I’ve been doing a little research into Japanese roof design! It’s amazing what you can find on the internet, for example articles like this one explaining the history of the Japanese roof. Originally, the Japanese got the idea for roof tiles from the Koreans. However, these tiles consisted not only of flat tiles, but tubular tiles too and were fairly expensive. They were placed mainly on top of important buildings and shrines etc. This later devolved into the wave shaped tiles which are a common site in Japan, being much cheaper but almost as nice to look at. I’m not sure what the practicalities are of having waved tiles rather than flat ones, but if I was given the opportunity to have a roof that nearly resembled that of a Japanese temple I guess I wouldn’t pass it up. The image below is of a more ornate example, although there are obviously those that are more simple and others that are much more complex.

For my Ryokan roof, I originally fancied the original roof (as demonstrated at the top of this post!) But not only is it unlikely that a B&B would have such an ornate roof, it doesn’t seem to come out well in 2D form. Despite my gradient-effect efforts, the tile simply appeared to be flat.

The most left red tile is my attempt at the tube tile, abandoned fairly on for the wave tile which just works brilliantly. You can imagine the tile sloping at a 45 degree angle, even from a straight on perspective like this one. Being tiles, they repeat effortlessly. All I had to ensure was that they aligned evenly.
The colour of the roof has changed from blue to pinky-red, this is due to the out-doors colours scheme I’m currently conjuring. For the first level of the game at least, I want to use a lot of pinks and reds- similar colours to the Sakura blossom object. This is my way of saying “you’re in Sakura country now, Player1!” Plus, I want the outdoor world of Hanami to accurately represent a Japanese spring time.

After applying the new red tiles to the roof, I re-worked the wooden frame of the building using a new set of flexible tiles. Wood is a traditional building material which can still be seen today, especially in Kyoto which used to be the capital of Japan. They tend not to exist these days in many urban and even in rural areas, however I’ve chosen to create a tileset for wooden houses because it is a symbol of something that is traditionally Japanese.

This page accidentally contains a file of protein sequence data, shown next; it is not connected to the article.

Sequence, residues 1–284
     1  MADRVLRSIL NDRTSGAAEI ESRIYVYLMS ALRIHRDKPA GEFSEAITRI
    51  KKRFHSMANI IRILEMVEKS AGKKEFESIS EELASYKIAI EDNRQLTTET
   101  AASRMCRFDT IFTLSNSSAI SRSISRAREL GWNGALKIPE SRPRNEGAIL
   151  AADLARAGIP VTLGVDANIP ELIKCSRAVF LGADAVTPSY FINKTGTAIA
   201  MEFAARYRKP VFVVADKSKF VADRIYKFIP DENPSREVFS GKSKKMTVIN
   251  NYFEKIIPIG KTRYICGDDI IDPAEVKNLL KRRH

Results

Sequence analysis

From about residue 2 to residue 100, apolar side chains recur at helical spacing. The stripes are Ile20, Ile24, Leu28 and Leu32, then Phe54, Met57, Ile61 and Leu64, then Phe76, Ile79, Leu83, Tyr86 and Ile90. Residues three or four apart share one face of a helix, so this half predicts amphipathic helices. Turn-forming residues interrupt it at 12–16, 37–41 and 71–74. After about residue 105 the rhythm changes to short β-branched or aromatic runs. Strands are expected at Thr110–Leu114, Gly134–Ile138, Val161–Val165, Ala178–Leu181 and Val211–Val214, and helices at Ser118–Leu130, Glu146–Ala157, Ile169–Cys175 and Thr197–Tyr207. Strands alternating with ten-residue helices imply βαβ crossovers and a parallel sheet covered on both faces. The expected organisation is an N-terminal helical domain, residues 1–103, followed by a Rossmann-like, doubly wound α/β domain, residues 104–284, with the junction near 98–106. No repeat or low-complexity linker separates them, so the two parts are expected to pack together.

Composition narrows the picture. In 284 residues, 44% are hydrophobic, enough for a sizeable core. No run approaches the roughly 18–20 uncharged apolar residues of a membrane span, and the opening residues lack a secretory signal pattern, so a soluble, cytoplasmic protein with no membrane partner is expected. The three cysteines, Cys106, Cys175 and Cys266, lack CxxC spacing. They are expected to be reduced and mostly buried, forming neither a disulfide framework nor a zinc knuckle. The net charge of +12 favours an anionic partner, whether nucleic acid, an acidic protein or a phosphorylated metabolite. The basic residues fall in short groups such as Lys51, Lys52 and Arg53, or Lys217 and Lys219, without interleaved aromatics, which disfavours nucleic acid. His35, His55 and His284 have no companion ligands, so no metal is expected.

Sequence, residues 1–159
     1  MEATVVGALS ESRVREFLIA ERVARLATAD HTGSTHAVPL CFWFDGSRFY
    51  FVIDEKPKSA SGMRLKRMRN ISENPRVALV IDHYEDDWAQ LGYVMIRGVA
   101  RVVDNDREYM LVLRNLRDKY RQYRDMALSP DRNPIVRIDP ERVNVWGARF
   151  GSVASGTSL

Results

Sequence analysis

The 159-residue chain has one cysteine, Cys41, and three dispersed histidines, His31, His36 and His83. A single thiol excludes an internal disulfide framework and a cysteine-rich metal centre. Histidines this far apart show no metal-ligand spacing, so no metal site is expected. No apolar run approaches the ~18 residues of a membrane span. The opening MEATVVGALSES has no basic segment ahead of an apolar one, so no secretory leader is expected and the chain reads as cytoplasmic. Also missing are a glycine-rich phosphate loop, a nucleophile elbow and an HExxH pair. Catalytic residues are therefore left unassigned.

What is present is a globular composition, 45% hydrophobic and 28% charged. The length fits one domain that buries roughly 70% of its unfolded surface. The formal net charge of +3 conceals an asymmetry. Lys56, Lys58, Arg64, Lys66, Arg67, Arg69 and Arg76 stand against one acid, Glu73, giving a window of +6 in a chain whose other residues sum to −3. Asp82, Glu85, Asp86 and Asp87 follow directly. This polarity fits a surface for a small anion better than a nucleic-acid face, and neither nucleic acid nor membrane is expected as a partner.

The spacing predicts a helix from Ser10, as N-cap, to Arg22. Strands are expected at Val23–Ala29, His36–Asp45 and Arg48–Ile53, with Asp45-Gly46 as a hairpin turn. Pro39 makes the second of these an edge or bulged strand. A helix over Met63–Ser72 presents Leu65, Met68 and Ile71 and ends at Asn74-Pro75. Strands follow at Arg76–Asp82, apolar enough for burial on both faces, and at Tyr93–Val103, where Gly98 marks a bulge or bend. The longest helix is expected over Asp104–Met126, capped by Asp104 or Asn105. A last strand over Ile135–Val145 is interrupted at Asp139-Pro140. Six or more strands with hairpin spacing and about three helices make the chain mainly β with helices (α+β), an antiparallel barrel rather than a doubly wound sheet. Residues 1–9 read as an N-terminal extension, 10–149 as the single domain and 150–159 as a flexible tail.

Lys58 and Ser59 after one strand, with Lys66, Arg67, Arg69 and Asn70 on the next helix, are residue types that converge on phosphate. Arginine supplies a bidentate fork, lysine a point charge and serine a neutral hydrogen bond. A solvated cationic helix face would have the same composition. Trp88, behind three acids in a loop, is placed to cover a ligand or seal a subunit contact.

I haven’t tried to accurately represent the layout of wood in a wooden Japanese house with my tiles, but give an impression of a wooden structure which has been cross-sectioned for the inside view of the Ryokan. To give you an idea of the scale of the building, I’ve placed Hana in the middle of this newly constructed space:

Kyoto Machiya.com is a great resource for images of traditional Machiya (Japanese wooden house), specifically Kyomachia which are Machiya located in Kyoto! The site’s galleries include photos of inside and outside various famous Machiya, which will be useful for the next step of the Ryokan construction, which will be to build its walls and inside!

Japanese Accommodation


Apart from perhaps a short opening sequence consisting of images or a short animations, Hanami begins in a small country bed & breakfast style building in a small village somewhere in Japan. These types of accommodation are called Ryokan. They are usually situated in more rural areas rather than large cities, and provide a cheap place to stay for travellers. Cons of cheap accommodation mean that rooms and facilities must be shared with other guests, but at the same time this opens up opportunities to meet people and share a truly Japanese living experience. Personally I prefer “private”, but beggars can’t be choosers!

I refer to a stay at a Ryokan as a “truly Japanese living experience” because one common characteristic of the Ryokan is its traditional Japanese features. The owners of this sort of establishment encourage guests to turn Japanese during their stay, by sleeping on futons, sitting at low tables, and usually eating the provided Japanese meals.

A traditional style Japanese breakfast: